When prompted to change the Play Store app back to the factory version, tap OK.

Reset your device to factory settings

If you’d like help with resetting your device, contact us from another device and we’ll walk you through it.

To reset your device:

If you have an SD card, remove it to save the data on the card.
Reset your Android device to factory settings.
Sign in to your device with a Google Account that was signed in before the reset.
If you removed an SD card, reinsert it.

To reload your apps and data:

Open the Play Store app.
Tap the Menu (3 lines) > My apps & games > Library.
Next to the apps that you’d like to install, tap Install or Enable.

If the issue still persist after performing all the troubleshooting steps I request you to reply to this email with the screenshot.

As it turned out, blowing away “the app data of the Google Play services” did the trick; the notification Went Away and hasn’t returned.

I hope I never need that information again …

Advertisements

,

4 Comments

Tour Easy Headset Wrench

The headset on my Tour Easy ‘bent worked its way loose, which led to a disturbing discovery: the headset wrench I made from a discarded flat wrench vanished with the shop tools donated to MakerSmiths.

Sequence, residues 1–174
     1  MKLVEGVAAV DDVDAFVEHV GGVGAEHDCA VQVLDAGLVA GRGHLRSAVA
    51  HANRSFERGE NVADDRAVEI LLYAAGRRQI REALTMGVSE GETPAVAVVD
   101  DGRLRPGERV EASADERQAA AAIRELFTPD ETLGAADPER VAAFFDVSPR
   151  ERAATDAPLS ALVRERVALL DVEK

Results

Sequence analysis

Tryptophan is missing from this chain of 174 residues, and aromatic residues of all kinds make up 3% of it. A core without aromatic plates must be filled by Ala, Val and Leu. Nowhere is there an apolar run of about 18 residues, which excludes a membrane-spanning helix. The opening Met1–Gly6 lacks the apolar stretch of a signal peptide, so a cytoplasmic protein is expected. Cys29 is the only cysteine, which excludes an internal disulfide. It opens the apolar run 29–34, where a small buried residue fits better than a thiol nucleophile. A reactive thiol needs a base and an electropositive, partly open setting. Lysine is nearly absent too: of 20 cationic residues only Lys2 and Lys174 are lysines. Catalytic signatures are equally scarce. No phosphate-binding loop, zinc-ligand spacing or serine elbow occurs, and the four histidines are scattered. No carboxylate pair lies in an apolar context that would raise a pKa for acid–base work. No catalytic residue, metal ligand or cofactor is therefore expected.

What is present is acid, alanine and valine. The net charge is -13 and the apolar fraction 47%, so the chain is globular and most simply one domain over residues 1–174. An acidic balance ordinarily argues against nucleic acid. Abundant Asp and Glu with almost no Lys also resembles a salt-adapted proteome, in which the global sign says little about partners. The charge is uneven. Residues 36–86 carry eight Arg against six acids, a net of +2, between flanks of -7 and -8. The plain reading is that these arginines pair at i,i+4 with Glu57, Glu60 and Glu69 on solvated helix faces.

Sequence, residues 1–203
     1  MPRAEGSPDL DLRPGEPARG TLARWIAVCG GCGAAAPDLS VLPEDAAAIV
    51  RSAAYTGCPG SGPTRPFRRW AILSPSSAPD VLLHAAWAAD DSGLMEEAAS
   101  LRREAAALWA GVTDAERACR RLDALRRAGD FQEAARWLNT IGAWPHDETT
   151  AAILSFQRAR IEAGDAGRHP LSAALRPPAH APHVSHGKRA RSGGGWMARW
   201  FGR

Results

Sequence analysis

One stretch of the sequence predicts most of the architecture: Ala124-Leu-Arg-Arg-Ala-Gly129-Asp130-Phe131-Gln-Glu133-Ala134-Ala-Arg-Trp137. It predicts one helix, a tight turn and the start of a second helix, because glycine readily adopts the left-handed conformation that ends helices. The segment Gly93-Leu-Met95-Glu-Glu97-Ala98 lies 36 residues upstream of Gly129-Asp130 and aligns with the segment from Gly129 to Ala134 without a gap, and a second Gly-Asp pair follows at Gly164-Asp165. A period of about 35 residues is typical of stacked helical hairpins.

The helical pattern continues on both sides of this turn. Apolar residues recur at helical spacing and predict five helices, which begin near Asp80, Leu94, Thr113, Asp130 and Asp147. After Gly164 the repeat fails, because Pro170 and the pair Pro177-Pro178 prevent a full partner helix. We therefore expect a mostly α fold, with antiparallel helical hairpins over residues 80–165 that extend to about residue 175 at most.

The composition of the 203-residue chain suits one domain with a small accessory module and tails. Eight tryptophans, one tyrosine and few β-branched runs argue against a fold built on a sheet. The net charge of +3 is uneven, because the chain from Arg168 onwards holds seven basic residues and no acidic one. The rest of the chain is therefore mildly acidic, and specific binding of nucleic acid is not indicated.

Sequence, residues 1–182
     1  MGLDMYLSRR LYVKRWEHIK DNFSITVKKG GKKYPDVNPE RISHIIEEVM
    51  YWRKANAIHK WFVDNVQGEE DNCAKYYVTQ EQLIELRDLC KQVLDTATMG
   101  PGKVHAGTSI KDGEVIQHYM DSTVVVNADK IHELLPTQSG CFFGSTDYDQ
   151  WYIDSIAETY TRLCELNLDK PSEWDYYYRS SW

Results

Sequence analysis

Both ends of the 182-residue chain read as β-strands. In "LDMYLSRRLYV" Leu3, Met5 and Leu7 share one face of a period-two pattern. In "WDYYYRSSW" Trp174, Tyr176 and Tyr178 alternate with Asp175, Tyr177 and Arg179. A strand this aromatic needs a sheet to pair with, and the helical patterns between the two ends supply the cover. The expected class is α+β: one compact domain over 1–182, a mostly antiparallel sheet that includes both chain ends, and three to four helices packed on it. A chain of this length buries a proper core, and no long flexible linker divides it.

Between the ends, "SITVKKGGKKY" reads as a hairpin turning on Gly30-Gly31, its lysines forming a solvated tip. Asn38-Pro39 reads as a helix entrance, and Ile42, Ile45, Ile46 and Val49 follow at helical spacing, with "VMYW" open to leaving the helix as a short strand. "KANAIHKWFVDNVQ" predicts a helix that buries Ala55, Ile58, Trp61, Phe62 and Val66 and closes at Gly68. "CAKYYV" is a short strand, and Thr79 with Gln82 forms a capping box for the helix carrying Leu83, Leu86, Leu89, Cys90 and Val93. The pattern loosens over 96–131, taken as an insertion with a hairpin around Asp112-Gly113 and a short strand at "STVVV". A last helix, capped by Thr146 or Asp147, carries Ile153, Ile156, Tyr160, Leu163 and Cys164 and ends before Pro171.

Fortunately, we live in the future:

Tour Easy Headset Wrench - Slic3r preview

Tour Easy Headset Wrench – Slic3r preview

A thin plastic wrench is absolutely no good for torquing down the locknut, but that’s not what it’s for. Adjust the bearing race to the proper preload with this wrench, hold it in place, then torque the locknut with the BFW.

The OpenSCAD source code as a GitHub Gist:

Now, I’d like to say that was easy, but in actual point of fact …

First, I forgot to divide by cos(180/6) to convert the across-the-flats size to the diameter of OpenSCAD’s circumscribed hexagon-as-circle, which made the wrench uselessly small:

Tour Easy Headset Wrench - v1

Tour Easy Headset Wrench – v1

If you have a 28 mm nut with low torque requirements, though, I’ve got your back.

While I had the hood up, I slenderized the handle into a much shapelier figure:

Tour Easy Headset Wrench

Tour Easy Headset Wrench

Trotting off to the garage with a warm plastic wrench in hand, I discovered the blindingly obvious fact that the headset nuts have eight sides. On the upside, the number of sides became a parameter, so, should you happen to need a five-sided wrench (perhaps on Mars), you can have one.

So, yeah, it’s rapid prototyping in full effect: